Crane:

Well, Epstein, I don't know whether you have the picture of how he taught. As far as I know, he never taught in the classroom. He was a very formal type of a lecturer. He had these several lectures that he could turn on and off. They were very fine lectures. I don't mean to say they were prefunctory or anything like that. He was an expert and they were very fine lectures, but nevertheless, he gave them in a formal way and he had a one term lecture on E and M and a one term lecture series on thermo, a one term lecture series on something else, and he would give these in rotation. The graduate students were supposed to hear all of this series of lectures. And Epstein would come in at the beginning of the hour and everybody knew enough to be there in their seats when the hour began, because he would be very bothered if they weren't. He'd come in and start out by saying, "Gentlemen, last time we were considering —" and he'd start in the exact place that he left off the time before, and he had exactly an hour's worth of things to say. Just at the end of the hour when the bell would ring, he would be putting the last period after that lecture, and if somebody stopped him in the middle to ask a question, that was very disturbing to him. It threw him clear off schedule.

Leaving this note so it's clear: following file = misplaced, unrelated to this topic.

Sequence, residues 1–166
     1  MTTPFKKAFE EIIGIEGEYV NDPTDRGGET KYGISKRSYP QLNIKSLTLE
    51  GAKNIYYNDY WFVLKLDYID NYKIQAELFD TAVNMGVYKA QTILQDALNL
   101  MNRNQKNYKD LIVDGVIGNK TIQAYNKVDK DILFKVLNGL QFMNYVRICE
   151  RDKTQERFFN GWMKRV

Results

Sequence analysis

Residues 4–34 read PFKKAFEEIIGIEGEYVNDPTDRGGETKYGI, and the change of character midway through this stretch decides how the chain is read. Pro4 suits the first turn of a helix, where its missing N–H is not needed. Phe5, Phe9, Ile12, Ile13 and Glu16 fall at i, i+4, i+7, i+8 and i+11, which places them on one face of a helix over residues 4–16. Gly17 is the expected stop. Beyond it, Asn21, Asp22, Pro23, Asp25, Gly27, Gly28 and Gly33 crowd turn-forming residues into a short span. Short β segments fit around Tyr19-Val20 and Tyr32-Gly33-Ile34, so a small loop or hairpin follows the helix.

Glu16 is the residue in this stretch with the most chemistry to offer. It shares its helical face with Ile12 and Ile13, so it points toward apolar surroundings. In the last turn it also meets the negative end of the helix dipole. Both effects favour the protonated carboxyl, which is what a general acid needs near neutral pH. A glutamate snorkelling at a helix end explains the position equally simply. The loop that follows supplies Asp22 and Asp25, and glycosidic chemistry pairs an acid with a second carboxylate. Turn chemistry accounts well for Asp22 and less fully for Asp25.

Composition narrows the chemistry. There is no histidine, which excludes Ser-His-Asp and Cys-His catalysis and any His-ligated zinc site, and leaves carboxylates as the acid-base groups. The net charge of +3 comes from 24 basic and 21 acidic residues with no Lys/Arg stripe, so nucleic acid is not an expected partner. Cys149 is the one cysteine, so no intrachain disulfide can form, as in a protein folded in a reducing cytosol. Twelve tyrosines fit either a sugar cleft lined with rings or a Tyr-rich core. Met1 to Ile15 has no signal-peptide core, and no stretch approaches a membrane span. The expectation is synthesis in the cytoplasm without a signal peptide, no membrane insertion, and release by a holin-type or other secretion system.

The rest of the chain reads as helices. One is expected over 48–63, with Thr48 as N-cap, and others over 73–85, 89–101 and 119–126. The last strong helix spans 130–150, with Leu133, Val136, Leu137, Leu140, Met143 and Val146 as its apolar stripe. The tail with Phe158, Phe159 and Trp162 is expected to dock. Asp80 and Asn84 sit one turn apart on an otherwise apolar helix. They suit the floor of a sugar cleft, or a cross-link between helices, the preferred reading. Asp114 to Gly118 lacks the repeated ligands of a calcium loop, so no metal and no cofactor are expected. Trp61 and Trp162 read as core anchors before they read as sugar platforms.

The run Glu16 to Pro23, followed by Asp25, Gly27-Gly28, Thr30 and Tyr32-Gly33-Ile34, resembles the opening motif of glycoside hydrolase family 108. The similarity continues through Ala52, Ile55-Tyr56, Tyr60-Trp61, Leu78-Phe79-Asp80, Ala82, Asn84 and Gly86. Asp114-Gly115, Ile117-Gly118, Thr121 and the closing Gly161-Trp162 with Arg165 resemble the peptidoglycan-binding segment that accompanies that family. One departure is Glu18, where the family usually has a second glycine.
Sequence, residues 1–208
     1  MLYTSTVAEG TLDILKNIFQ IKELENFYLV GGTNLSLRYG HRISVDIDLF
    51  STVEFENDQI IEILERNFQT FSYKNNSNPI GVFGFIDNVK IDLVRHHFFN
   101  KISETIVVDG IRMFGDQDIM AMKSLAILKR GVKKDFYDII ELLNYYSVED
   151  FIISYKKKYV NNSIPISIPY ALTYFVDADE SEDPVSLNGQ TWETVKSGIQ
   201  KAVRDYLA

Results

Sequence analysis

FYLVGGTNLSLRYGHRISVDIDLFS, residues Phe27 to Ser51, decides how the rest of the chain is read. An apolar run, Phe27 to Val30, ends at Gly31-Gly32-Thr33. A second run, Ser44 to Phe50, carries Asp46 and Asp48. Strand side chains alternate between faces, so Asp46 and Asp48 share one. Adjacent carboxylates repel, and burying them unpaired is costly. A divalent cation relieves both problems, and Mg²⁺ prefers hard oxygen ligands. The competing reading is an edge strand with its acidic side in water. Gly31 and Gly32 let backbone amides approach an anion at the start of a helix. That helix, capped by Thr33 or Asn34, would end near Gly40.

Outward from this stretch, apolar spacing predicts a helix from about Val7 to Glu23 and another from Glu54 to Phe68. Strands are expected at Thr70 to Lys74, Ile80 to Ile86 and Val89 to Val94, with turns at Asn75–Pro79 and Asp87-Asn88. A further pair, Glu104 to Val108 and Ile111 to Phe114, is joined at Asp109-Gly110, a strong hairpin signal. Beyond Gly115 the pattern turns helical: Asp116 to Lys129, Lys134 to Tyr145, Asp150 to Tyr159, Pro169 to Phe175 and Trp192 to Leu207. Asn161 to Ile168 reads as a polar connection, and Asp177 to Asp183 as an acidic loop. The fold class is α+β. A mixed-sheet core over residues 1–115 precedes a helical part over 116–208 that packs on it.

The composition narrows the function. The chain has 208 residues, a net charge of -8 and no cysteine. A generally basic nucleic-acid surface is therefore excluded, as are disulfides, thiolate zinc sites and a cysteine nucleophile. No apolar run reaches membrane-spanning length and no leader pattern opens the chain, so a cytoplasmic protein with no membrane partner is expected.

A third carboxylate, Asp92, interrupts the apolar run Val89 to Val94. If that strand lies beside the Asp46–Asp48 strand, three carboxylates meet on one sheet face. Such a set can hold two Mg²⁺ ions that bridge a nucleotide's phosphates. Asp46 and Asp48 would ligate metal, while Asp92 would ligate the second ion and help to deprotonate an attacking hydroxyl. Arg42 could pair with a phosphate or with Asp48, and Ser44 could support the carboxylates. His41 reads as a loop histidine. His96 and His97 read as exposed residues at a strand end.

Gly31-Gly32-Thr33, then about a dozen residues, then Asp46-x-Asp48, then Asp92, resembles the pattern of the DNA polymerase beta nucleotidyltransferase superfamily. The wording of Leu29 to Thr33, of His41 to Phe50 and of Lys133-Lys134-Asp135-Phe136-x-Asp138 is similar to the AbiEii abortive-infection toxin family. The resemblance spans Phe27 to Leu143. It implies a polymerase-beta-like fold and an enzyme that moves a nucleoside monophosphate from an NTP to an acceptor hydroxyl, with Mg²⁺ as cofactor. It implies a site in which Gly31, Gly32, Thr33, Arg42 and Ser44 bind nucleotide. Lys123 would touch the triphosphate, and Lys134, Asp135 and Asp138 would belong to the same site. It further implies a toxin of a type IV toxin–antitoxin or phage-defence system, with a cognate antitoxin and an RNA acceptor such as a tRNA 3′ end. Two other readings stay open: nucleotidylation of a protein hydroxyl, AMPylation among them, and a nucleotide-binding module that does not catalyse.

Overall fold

Weiner:

The European style of lecturing.

Crane:

European style, yes. But they were beautifully organized lectures. They were not available in written form and students all had to sit there and copy all this stuff into the notebooks. That was the only way to get

Weiner:

Did you save those notebooks?

Crane:

No.

Weiner:

I think they're somewhere at Cal Tech. Also his lecture notes are preserved, Epstein's.

Crane:

I'm sure they must be. There were thousands of them copied down, you know.

Weiner:

I mean, his own notes. I'm looking at the course list here and I see Epstein was listed for the following courses: and under each of these, it's indicated for this catalog, "Not given in 1930-31" which is the year of this catalog. Higherdynamics, heat, radiation and quantum theory, physical optics and Quantum Theory of Spectral lines, Modern Aspects of the Quantum Theory, which gets into principles of correspondence, Heisenberg's form of it, Born, Jordan's matrix calculus, Schrödinger's wave equations, still not given in '30, '31. The one that was given was Introduction to Quantum Mechanics where he deals with matrices and tensors, Schrodinger's partial differential equations, Dirac's transformation theory, that kind of thing. 0ppenheimer gave quantum theory but not in 1930 and '31. Quantum Theory of Radiation. I should get the catalog of the early years and get an idea when these more modern things were introduced, interesting to find out.